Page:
Both letter-writers trot out standard creationist and intelligent-design arguments that are not only very old, but also easily refuted and have often been refuted by popular-science writers. However, the creationists who continue to perpetuate their ideas are absolutely dependent on a scientifically illiterate public for their “credibility.”

We desperately need to support good science education in this country, which existed for a few years in response to Sputnik but has since regressed.

Joe Willis

Editor’s note: Those were the only responses we received, but they’ve drawn a handful of others, including those below. (Dare we say the discussion has evolved?)

Larry Carmichael makes several emphatic assertions that, he claims, justify his refusal to accept Darwinian evolution despite the overwhelming evidence supporting it. As he provides no citations or supporting evidence, I doubt that many readers found his claims convincing. However, in case the strength of his conviction has anyone concerned that their genome is shrinking, you can relax.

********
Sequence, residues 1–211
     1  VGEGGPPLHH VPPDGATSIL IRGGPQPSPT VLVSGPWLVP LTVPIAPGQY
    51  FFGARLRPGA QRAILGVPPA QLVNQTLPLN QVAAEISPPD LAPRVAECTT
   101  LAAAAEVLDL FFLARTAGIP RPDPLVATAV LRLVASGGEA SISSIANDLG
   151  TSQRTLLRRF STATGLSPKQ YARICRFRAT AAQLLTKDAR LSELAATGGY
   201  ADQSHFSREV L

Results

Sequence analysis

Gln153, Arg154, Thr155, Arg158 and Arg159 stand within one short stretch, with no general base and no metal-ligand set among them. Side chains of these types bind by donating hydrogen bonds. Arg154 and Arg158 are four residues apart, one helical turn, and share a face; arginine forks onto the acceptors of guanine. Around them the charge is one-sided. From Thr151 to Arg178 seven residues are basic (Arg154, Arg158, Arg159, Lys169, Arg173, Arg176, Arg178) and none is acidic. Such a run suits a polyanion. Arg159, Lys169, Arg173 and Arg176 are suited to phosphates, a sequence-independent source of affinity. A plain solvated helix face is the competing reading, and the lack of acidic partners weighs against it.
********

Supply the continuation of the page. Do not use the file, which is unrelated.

Carmichael claims it is not possible for the information in DNA to increase and, worse, that our genome is losing information each generation. In fact, DNA sequences change in complexity all the time through duplication and deletion. A search of the PubMed database for articles about gene duplication returns more than 5,600 articles with examples of genes being duplicated and then evolving new functions, increasing the complexity of the genome.

As to the bizarre claim that our genomes are shrinking, the process of meiosis and sexual reproduction is very effective at making sure that the next generation gets as much genetic material as the parents. I can find no evidence in the PubMed database that any generation of humans has less DNA than any other generation.